Expected production:

There are agreements in place with international pharmaceutical companies that allow production of the vaccine abroad for 500 million people per year starting from 2021.

Required storage conditions:

Sputnik V has to be stored at minus 18 degree Celsius. The production of a lyophilized (dry) form of the vaccine that enables storage at a temperature of 2 to 8 degrees Celsius has been launched.

Proposed price:

Less than $10 per dose in international markets. Sputnik V is a two-dose vaccine, given 21 days apart.

4. AZD1222

AZD1222, also known as ChAdOx1 nCoV-2019, being developed by AstraZeneca plc (AZN) in collaboration with the University of Oxford, has demonstrated an average efficacy of 70.4% when phase III data from two dosing regimens were combined.

In a UK trial, where AZD1222 was given as a half dose, followed by a full dose at least one month apart, the efficacy was 90%. In a Brazilian trial where AZD1222 was administered as two full doses at least one month apart, the efficacy was 62%.

The one-and-a- half-dose regimen in the UK trial was given only by mistake, and it has produced a better efficacy than the two dose regimen.

In the UK trial, two adverse neurological events were reported – one, which was later diagnosed to be a case of multiple sclerosis and the other a case of transverse myelitis. The adverse events triggered a pause to vaccination across all global trials of AZD1222 vaccine in early September. However, following review by the respective regulatory authorities, which deemed the potential vaccine safe, the trials resumed in the United Kingdom, Brazil and South Africa by the end of September itself while the US trial resumed in October. Investigations later on revealed that the adverse events were linked to the participants’ pre-existing health conditions.

AZD1222 is under rolling review by the UK’s Medicines and Healthcare Products Regulatory Agency, and it could be granted emergency use authorization by mid-December.

Vaccine side effects:

No serious safety events related to the vaccine have been identified.

Expected production:

AstraZeneca expects to have 200 million doses ready worldwide by the end of 2020 and produce 3 billion doses of the vaccine in 2021.

Required storage conditions:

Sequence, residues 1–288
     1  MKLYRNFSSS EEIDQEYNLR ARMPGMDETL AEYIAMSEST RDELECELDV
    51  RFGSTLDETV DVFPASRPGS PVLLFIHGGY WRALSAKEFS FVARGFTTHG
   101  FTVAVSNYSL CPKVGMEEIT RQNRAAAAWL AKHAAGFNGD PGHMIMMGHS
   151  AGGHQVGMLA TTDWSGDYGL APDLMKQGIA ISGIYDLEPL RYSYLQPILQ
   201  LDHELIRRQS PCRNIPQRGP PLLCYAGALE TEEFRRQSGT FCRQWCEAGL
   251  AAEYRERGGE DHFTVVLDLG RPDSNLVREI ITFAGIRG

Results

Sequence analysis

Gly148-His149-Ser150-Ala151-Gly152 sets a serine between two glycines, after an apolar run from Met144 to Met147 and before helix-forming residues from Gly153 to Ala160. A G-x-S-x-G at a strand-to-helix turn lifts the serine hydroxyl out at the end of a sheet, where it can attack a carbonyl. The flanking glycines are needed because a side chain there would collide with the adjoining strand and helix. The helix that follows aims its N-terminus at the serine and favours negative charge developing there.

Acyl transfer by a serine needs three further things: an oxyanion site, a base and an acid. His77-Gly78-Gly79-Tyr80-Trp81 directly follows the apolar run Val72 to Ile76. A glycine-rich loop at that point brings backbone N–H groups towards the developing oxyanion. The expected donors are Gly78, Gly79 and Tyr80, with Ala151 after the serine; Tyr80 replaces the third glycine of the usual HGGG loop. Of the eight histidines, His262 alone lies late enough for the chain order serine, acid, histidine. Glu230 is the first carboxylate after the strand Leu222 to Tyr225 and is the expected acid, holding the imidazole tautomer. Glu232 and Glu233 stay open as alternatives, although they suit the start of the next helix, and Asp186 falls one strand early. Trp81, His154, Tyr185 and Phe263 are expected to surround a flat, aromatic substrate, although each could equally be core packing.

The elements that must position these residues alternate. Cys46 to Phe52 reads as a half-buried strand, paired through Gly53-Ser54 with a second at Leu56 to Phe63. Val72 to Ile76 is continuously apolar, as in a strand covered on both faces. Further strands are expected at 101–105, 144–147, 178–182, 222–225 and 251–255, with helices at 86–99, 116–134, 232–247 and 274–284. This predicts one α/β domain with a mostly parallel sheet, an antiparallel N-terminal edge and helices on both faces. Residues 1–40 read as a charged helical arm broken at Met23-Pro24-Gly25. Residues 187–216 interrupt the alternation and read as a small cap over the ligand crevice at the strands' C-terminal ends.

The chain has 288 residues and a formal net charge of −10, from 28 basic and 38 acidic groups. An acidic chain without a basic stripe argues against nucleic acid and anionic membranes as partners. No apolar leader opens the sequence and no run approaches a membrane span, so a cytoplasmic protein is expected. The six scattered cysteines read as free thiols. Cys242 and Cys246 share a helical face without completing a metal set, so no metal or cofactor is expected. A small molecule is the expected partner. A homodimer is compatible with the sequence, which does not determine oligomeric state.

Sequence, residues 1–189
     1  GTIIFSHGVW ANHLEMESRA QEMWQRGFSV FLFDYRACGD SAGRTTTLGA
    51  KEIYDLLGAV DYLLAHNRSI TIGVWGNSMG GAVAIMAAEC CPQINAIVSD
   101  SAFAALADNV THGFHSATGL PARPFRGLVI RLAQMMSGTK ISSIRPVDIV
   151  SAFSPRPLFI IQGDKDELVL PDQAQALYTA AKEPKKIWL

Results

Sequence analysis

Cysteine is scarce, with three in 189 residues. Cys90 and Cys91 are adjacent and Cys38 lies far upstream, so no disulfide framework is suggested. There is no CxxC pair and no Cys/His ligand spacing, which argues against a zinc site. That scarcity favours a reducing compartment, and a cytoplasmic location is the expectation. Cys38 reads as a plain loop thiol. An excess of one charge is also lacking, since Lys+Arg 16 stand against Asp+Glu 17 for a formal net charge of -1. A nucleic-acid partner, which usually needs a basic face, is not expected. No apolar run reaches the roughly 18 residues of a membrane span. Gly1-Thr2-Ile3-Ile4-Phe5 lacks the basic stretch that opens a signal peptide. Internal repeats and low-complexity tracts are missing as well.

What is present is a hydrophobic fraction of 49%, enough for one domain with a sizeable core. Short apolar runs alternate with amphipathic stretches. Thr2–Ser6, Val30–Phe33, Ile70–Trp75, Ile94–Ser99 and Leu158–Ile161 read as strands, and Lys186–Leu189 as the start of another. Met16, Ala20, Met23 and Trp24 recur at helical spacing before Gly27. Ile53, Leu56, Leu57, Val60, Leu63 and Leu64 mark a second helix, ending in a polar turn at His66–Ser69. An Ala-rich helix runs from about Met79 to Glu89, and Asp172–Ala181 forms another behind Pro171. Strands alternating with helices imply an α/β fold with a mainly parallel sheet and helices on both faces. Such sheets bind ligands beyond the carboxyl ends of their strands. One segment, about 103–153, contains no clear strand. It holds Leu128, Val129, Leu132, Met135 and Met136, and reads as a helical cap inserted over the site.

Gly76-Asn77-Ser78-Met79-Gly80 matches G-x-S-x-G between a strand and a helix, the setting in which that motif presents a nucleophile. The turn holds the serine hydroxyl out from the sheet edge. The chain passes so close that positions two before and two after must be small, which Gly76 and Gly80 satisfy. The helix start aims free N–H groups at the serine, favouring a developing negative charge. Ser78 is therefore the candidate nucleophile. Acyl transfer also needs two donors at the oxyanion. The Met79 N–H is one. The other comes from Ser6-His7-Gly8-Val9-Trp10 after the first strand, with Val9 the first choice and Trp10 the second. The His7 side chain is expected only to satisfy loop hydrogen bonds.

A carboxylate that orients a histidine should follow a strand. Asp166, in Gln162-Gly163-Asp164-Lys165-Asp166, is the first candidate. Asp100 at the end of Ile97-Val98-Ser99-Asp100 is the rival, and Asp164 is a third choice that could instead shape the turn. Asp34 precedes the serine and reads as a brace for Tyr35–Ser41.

AZD1222 can be stored, transported and handled at normal refrigerated conditions of 2 to 8 degrees Celsius for at least six months and administered within existing healthcare settings.

Funds received:

U.S. government: $1.2 billion
UK Government: $80 million
Coalition for Epidemic Preparedness Innovations (CEPI) and Gavi: $750 million

Proposed price:

$3 per dose. AZD1222 is a two-dose vaccine, given 28 days apart.


Including the above 4 COVID-19 vaccines, i.e., BNT162b2, mRNA-1273, Sputnik V and AZD1222, 48 candidate vaccines are in clinical evaluation and 164 are in preclinical stage.

It is important that everyone is vaccinated once a COVID-19 vaccine is available.

COVAX, coordinated by Gavi, the Vaccine Alliance, the Coalition for Epidemic Preparedness Innovations (CEPI) and the World Health organization, is working for global equitable access to COVID-19 vaccines. More than $2 billion has been raised by the Gavi COVAX Advance Market Commitment to support equitable access to COVID vaccines this year with additional $5 billion needed in 2021.

Each country will have its own strategy on how the vaccines might be distributed. Generally, frontline healthcare system workers will be the first to receive a COVID-19 jab, followed by older adults and next will be the younger adults followed by children.

One of the main challenges in reaching the vaccines, especially, to people in regions with a warm climate is the limited cold-chain logistics infrastructure. But proper coordination between the global logistics companies, the respective governments and non-governmental organizations can solve the cold chain hurdles.

As pointed out by many health experts, vaccines don’t save lives but vaccinations do.

Source: Read Full Article